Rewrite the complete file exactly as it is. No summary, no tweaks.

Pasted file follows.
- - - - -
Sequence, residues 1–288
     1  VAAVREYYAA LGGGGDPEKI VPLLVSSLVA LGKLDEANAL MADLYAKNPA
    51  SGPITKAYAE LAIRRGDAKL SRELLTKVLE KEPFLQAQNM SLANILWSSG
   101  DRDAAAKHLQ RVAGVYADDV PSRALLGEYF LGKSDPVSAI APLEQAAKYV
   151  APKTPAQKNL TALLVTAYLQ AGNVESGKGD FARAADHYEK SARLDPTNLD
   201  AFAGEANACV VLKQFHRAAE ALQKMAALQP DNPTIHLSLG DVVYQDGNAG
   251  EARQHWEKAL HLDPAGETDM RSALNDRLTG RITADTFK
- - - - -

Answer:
Sequence, residues 1–288
     1  VAAVREYYAA LGGGGDPEKI VPLLVSSLVA LGKLDEANAL MADLYAKNPA
    51  SGPITKAYAE LAIRRGDAKL SRELLTKVLE KEPFLQAQNM SLANILWSSG
   101  DRDAAAKHLQ RVAGVYADDV PSRALLGEYF LGKSDPVSAI APLEQAAKYV
   151  APKTPAQKNL TALLVTAYLQ AGNVESGKGD FARAADHYEK SARLDPTNLD
   201  AFAGEANACV VLKQFHRAAE ALQKMAALQP DNPTIHLSLG DVVYQDGNAG
   251  EARQHWEKAL HLDPAGETDM RSALNDRLTG RITADTFK